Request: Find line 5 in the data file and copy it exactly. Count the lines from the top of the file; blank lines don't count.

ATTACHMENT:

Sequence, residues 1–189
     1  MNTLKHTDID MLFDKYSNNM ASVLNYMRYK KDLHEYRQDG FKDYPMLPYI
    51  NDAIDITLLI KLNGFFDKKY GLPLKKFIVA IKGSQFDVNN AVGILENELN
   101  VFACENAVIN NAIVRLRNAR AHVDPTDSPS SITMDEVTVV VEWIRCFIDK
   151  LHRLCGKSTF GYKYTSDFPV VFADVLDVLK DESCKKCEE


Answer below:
   151  LHRLCGKSTF GYKYTSDFPV VFADVLDVLK DESCKKCEE